• Mark Adkins January 18, 2012, 10:29 pm

    @Rocker- Sorry about that. Odd how consistent it is for the first half of the review. Like they told us over and over in high school- it is really hard to proof your own stuff.

    Hopefully it is all corrected.

  • Mark Adkins January 18, 2012, 10:35 pm

    @ AlPeaston- The more I hang on the Thrive forum and see the Thrive through the eyes of people who have had other tablets (I have not), the happier I am to have it. All joking aside, it seems to be one of the best values in the tablet community, and rarely advertised or hyped.

  • Mark Adkins January 18, 2012, 10:43 pm

    @ Dan Batchelor- 47? Geeze you make me feel old.

    Hey… wait a minute there, bub! I’m 53! You supposes that is why I am not particularly fond of many of the graphic-heavy video games out there?

  • Maya February 6, 2012, 2:43 am

    Do you know if it is possible to use any kind of spreadsheet program with the Thrive (or any android device?) I have finally decided to get a tablet, and that’s the one thing I need it to be able to do, to make it a reasonable investment.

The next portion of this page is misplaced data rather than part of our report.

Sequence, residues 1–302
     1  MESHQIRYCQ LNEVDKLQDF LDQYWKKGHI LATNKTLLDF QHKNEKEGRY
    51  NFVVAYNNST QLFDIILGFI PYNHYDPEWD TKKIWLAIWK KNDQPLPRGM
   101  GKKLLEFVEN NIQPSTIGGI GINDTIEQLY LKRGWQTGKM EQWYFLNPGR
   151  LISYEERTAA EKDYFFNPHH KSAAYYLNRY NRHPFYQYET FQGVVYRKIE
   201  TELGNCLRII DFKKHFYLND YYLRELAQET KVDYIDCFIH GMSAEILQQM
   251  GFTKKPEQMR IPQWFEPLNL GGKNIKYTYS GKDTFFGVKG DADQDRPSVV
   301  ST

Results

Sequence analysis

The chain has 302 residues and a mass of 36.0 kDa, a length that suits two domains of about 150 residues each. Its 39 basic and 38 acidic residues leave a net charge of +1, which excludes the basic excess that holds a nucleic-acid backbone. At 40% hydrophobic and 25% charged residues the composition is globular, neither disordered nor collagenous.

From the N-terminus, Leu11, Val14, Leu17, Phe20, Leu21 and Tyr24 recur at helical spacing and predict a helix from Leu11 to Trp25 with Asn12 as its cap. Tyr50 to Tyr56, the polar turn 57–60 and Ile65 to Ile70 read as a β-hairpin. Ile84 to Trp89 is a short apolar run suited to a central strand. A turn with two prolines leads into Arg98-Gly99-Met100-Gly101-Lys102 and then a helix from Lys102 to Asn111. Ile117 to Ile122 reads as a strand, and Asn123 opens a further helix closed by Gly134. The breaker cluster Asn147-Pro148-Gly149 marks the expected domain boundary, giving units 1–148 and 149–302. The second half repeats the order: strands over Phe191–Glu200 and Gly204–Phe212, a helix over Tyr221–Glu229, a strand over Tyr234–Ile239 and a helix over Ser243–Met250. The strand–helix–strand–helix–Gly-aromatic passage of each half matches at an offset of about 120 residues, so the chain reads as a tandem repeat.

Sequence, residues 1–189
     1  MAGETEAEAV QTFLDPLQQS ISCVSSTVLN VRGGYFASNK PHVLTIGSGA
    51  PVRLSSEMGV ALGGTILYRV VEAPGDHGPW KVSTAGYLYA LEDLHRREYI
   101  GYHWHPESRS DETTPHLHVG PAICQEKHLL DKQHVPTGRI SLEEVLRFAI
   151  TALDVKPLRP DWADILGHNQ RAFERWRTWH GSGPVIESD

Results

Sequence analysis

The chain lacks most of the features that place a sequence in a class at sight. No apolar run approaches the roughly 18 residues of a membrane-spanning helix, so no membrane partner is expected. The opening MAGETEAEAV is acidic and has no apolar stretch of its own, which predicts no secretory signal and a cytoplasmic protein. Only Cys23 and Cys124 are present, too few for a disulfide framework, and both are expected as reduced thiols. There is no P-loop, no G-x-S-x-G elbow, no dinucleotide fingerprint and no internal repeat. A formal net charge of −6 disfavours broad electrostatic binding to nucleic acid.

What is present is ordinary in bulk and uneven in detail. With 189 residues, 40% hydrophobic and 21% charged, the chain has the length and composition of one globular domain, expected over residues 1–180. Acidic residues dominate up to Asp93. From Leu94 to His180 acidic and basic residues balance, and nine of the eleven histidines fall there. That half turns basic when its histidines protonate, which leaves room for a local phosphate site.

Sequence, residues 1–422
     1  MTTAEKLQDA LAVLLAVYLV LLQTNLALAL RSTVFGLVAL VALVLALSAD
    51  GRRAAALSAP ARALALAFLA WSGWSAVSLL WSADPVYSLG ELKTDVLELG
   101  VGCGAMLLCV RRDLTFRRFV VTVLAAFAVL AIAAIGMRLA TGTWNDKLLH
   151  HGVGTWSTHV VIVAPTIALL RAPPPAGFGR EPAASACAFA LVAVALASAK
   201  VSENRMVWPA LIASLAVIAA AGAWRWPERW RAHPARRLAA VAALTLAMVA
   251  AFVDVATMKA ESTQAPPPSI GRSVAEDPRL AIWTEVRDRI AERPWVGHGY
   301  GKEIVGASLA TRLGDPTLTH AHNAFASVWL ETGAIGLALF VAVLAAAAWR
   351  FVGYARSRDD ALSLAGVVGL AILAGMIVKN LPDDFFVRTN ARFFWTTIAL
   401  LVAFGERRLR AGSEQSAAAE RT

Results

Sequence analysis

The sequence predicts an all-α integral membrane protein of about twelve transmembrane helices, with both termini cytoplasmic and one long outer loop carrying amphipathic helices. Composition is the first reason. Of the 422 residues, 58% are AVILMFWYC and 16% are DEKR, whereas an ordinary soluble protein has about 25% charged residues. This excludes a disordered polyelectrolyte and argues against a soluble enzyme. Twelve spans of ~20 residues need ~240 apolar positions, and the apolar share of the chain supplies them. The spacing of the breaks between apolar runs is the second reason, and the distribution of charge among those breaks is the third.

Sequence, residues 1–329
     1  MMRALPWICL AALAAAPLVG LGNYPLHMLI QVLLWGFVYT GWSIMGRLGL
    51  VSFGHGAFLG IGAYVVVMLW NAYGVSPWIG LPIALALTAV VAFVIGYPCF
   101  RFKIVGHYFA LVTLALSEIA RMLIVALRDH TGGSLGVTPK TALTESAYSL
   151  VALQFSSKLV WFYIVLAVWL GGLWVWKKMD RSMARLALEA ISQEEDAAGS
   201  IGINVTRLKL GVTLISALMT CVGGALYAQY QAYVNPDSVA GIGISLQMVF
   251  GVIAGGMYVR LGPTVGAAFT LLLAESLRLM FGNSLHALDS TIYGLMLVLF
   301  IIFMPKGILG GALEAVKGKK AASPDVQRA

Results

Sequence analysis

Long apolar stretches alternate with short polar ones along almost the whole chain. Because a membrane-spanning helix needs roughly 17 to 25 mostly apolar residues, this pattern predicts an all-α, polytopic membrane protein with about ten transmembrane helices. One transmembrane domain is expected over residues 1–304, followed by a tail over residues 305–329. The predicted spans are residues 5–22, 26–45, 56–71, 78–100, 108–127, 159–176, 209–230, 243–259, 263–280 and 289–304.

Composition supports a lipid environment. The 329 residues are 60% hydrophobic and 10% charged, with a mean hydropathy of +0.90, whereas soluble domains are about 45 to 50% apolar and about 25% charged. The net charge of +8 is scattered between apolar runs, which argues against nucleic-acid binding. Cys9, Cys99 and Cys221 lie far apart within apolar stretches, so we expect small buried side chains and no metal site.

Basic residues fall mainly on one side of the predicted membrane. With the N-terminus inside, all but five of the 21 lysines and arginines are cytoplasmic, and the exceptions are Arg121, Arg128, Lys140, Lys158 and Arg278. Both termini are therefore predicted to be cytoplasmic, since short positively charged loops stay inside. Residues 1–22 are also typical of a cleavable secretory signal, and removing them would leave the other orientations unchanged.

• Mark Adkins February 6, 2012, 2:47 am

      @ Maya- there are programs, like Documents To Go, that can handle Microsoft Office items, or you can try Google Docs. I am sue there are other apps, too.

  • Al Gold February 22, 2012, 12:31 pm

    I wish I could find one of these in stock… somewhere so I could see with my own eyes – can not be found.

  • kristin castelly March 8, 2012, 2:26 pm

    I got mine a month ago, got a brand new SD card, worked fine when I fist put it in,then took it out to put some more music on the card, and now my thrive doesn’t read any SD card anymore! Anybody else with the same problem?

  • Jason Barnick March 12, 2012, 9:10 pm

    My wife wanted an iPad2 for Christmas, so I got her one. I am a huge Toshiba fan, so I got the Thrive. When I compare the two of them side by side for what I do, the Thrive wins out easily. For her, it is pretty much a draw. I like the fact that the only special piece I need for it is the charger.